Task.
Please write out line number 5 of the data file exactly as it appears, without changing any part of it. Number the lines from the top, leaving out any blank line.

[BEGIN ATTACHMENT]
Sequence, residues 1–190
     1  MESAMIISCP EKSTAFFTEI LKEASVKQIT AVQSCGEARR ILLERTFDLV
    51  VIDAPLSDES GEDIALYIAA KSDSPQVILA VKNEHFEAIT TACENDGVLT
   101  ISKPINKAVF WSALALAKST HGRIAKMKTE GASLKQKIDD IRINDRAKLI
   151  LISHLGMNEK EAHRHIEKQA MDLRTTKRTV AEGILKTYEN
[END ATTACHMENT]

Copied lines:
   151  LISHLGMNEK EAHRHIEKQA MDLRTTKRTV AEGILKTYEN